3. The detergent composition of Claim 2, wherein said copolymer is crosslinked with diethylenetriamine.
4. The detergent composition of claim 1, wherein said crosslinked copolymer has a gel volume of at least about 5 percent as a 1 percent by weight concentration in distilled water at a pH of l l-.
5. The detergent composition of claim 1, wherein said polycarboxyl vinyl comonomer is maleic anhydride.
6. The detergent composition of claim 1, wherein said olefin is isobutylene.
7. The detergent composition of claim 1, wherein said olefin is l-butene.
8. An aqueous dispersion of the detergent composition of claim 1.
9. The detergent composition of claim 1, wherein said crosslinked copolymer is selected from the group consisting of the copolymer of isobutylene and maleic anhydride and the copolymer of l-butene and maleic anhydride.
10. A detergent composition consisting essentially of a mixture of:
a. From about 1 to about 2 parts by weight of at least one surfactant selected from the group of anionic, nonionic, zwitterionic and ampholytic surfactants and mixtures thereof; and, as a builder for said detergent composition;
b. From about 5 to about 1 part by weight of a crosslinked, water insoluble copolymer of from about 20 to mole percent of isobutylene and from about 80 to 20 mole percent maleic anhydride; said crosslinked copolymer being water-swellable and capable of forming a gel when introduced into an aqueous medium, and having a relative viscosity, prior to crosslinking, of at least 1.05 as a l percent solution in N-methyl-pyrrolidone at 25 C, and wherein said copolymer is crosslinked with a crosslinking agent having the structure:
wherein R is an aliphatic or aromatic hydrocarbon having from about two to 30 carbon atoms; X is selected from the group consisting of a primary and secondary hydroxyl, primary and secondary SH and NHR' groups, N C 0 groups, epoxy groups and ethyleneimine groups, and wherein R is selected from the group consisting of hydrogen, alkyl groups having from about one to 12 carbon atoms, and, wherein nis an integer having a value of from about 2 to 100, said crosslinking agent being employed in a weight ratio to said copolymer of from about 1:20 to about 1:500.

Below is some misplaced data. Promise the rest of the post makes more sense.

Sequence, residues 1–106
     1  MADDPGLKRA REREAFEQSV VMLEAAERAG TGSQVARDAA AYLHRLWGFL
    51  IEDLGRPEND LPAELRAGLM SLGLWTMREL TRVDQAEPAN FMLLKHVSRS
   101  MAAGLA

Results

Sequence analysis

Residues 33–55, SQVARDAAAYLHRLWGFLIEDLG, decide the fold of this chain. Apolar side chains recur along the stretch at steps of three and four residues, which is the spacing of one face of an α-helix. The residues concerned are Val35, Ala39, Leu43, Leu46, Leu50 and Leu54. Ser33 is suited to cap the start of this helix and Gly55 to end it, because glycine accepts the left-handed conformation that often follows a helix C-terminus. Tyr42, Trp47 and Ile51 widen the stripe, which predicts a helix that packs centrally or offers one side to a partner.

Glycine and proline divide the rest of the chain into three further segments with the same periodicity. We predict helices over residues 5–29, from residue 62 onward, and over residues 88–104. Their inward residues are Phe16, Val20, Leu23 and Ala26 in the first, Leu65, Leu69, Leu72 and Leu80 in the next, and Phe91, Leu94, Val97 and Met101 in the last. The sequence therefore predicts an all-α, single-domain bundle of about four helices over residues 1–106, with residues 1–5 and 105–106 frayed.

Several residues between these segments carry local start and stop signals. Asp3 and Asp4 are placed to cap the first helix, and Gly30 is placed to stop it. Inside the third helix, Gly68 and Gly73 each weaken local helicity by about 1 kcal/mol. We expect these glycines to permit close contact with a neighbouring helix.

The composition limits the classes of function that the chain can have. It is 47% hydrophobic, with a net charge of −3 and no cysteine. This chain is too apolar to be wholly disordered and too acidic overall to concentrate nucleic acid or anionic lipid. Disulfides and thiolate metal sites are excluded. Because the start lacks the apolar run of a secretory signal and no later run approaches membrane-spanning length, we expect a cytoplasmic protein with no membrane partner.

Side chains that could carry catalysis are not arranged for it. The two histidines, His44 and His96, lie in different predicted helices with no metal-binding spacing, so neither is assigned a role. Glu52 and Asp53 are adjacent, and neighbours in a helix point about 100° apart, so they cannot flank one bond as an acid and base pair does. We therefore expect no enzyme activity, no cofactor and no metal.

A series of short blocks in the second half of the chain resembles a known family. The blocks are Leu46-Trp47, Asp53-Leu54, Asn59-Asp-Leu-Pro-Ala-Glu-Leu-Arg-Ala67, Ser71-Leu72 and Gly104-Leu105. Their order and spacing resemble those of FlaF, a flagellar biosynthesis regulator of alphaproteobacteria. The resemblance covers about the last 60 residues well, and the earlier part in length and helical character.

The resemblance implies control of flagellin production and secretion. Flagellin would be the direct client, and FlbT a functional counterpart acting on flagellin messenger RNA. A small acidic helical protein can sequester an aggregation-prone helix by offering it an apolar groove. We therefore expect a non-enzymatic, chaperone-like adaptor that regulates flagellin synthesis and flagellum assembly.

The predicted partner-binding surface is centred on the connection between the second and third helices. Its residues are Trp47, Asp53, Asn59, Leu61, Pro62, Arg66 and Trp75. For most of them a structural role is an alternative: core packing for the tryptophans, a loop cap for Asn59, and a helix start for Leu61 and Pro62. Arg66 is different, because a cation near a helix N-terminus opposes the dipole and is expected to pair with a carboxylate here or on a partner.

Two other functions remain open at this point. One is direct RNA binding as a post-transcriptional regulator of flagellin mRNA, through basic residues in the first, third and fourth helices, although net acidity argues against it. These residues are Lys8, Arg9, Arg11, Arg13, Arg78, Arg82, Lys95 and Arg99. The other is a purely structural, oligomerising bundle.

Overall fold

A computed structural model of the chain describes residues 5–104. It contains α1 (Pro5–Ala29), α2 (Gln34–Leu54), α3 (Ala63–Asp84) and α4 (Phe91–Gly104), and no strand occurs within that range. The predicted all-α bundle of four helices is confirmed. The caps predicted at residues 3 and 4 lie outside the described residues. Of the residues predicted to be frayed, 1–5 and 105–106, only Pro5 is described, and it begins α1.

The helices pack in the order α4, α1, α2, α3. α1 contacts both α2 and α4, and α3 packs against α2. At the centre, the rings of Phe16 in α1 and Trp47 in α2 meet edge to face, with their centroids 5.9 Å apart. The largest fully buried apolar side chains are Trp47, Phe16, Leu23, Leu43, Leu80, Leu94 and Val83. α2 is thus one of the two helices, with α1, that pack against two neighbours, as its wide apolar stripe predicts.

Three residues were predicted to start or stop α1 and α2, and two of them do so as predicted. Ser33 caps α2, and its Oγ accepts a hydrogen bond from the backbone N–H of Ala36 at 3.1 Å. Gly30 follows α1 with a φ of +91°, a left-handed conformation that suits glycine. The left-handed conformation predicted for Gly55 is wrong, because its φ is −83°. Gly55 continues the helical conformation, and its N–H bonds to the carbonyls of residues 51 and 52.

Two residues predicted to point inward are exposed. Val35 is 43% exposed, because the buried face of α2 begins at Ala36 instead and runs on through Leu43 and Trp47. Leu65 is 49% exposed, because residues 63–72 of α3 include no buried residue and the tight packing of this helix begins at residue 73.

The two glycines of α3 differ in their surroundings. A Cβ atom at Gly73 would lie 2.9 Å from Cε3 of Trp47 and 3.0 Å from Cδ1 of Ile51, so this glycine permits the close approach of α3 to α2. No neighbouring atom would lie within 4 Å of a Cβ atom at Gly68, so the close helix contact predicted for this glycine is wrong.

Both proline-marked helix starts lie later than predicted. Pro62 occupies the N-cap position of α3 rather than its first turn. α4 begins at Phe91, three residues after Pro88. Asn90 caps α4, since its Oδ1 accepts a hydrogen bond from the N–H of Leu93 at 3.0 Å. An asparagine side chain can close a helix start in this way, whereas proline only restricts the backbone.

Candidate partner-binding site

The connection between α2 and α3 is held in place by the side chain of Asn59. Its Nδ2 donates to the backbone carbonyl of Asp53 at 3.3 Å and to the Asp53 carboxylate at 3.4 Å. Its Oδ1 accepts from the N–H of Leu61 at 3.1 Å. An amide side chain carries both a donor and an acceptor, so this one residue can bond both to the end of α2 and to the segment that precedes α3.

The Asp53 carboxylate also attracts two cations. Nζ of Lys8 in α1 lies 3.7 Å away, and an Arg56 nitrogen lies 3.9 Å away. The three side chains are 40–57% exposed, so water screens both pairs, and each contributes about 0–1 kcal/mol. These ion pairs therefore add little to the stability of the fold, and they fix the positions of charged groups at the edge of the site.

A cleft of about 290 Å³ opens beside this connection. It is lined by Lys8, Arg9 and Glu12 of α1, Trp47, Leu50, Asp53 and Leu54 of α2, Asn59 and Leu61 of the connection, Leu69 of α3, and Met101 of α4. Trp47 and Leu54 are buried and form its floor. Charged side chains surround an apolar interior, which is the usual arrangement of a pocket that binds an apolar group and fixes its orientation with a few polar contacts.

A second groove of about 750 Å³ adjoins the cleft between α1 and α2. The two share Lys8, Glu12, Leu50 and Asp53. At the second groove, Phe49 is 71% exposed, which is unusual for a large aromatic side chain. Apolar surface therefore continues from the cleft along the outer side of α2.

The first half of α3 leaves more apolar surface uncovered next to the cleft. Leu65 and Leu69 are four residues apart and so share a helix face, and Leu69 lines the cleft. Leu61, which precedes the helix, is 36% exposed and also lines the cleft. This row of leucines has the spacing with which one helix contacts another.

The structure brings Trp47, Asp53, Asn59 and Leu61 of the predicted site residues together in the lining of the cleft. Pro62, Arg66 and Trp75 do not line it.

11. The detergent composition of claim 10, wherein said copolymer is crosslinked with a crosslinking agent selected from the group consisting of alkylene polyamines and alpha, omega-polyethylene diamines.
12. The detergent composition of Claim 11, wherein said copolymer is crosslinked with diethylenetriamine.
13. The detergent composition of claim 10, wherein said crosslinked copolymer has a gel volume of at least about 5% as a 1 percent by weight concentration in distilled water at a pH of l l.
14. The detergent composition of Claim 10, wherein said crosslinked copolymer is in the form of an alkali metal or ammonium salt.
15. An aqueous dispersion of the detergent composition of claim 10.
16. A detergent composition consisting essentially of a mixture of:
a. From about 1 to about 2 parts by weight of at least one surfactant selected from the group consisting of anionic, nonionic, zwitterionic and ampholytic surfactants and mixtures thereof; and, as a builder for said detergent composition;
b. From about 5 to about 1 part by weight of a crosslinked, water-insoluble copolymer consisting of a copolymer of 20 to 80 mole percent isobutylene and 80 to 20 mole percent maleic anhydride which has a relative viscosity; prior to crosslinking, of 1.05 as a 1 percent solution in N-methylpyrrolidone at 25 C., and which has been crosslinked with diethylenetriamine in a weight ratio of copolymer to crosslinking agent of about 20:1 to about 500:1; said copolymer being waterswellable and capable of forming a gel having a gel volume of at least 5 percent when introduced into distilled water in a 1 percent by weight concentration at a pH of about 1 l.
Nii cholas Z Erdy and Arthur J. Yu